Thai Food
Promoting Thai food to the World

"Welcome to the Thai Food Blogs. Have you already been to Thailand and felt you didn't take advantage of the vast range of Thai food on sale? Were you unsure of the ingredients or didn't know how to order properly? Are you planning a trip to Thailand and want a clear list of the best dishes that can be bought in restaurants and by the side of the road? If you said "yes" to any of these questions then these Thai Food Blogs are for you!' - Richard Barrow

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# Visitors from over 100 countries
# Over 600 sound clips
# Over one hour of video clips
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Stories about Thai Food

Thai food blogs written by Richard:

Choosing a Cooking School in Chiang Mai
"A Lot of Thai" Cooking School
The Four Flavours
McDonalds in Thailand
What do monks eat for breakfast?
Thai Superstitions about Food
Eating Pork on a Hot Plate
Top 10 Thai Street Food
Top 10 Thai Food
Doing Atkins diet in Thailand
Fat Children in Thailand
Visiting a Thai Restaurant
Thai People and Meals

Cheese Sandwiches
Thai Food from the Central Region
Thai Food from the Northern Region
Thai Food from the Southern Region
Thai Food from the Northeastern Region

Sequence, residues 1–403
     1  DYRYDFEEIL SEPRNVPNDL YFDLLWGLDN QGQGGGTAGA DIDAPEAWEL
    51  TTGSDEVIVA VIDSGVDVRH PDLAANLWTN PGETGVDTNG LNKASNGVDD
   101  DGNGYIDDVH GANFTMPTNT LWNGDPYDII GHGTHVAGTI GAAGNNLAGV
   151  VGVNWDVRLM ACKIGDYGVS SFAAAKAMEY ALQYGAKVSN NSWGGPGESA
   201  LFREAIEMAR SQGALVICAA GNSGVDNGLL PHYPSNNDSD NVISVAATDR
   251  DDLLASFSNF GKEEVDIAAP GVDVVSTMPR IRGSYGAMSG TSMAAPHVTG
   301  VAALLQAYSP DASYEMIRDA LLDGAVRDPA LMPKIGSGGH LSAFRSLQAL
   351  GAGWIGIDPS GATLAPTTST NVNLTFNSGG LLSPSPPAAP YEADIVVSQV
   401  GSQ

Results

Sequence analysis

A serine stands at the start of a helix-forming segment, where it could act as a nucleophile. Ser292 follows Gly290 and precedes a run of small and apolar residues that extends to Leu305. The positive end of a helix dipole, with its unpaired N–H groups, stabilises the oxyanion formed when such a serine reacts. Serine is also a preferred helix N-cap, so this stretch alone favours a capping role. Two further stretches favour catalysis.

Top 10 School Lunches
Thai School Lunches
Thai School Snackshop
Eating Lunch at School

Thai food blogs written by Wit:

How to Make Iced Tea
Making Pad Baigrapao
Red, White and... Thai?

Thai Food Quizzes:

Thai Food Picture Quiz
Menu Decoder - Noodles
Menu Decoder - Curry
Menu Decoder - Rice
Menu Decoder - Soup
Thai Drinks
Thai Foodstalls
In the Thai Kitchen Quiz
Herbs & Spices Picture Quiz
Vegetables Picture Quiz

Latest Food Blogs:

Fried Noodles in soy sauce
Khanom Chun
Fried rice with pork
Stir-fried pork with holy basil
Tom Yum Kung
Stir-fried pork with long beans
Foi Thong - Golden Threads
Noodles in a thick gravy

Meals with Rice:

Fried Rice with Shrimp Paste
Chinese Chicken Rice
Chicken with Yellow Rice
Rice Porridge with Pork


Yellow Curry with Chicken
Massaman Curry
Chicken and Wax Gourd curry
Stir-fried Chicken with Curry Powder
Sour Curry


Thai Fried Noodles
Noodles in Fish Curry


Chicken Coconut soup


Fried Mackerel with Shrimp Paste Sauce
Fish Curry in a Cup
rolled wafer
Coconut Pudding with Mussels
Fish Cakes

Crispy Fried Catfish

Other Dishes:

Stir-fried Chicken with cashew nuts
Stuffed omlette
Rice Pancakes
Thai Sausages
Satay Pork in Peanut Sauce
Papaya Salad
Fried Quail Eggs
Fried Insects


Khanom Buang (Crispy Pancakes)
Khanom Jaak (Nipa Palm dessert)
Khanom La
Khanom Mor Gaeng (Custard Pudding)
Bananas in Syrup
Sticky Rice in Banana Leaves
Sticky Rice and bananas
Sticky Rice Slices
Steamed Pandanus Cake
Coconut Puddings
Ice Cream in a Bread Roll
Poorman's Pancakes
Pad Thai in an omlette

Restaurant Meals:

Thai Restaurant Menu - 01
Thai Restaurant Menu - 02
Thai Restaurant Menu - 03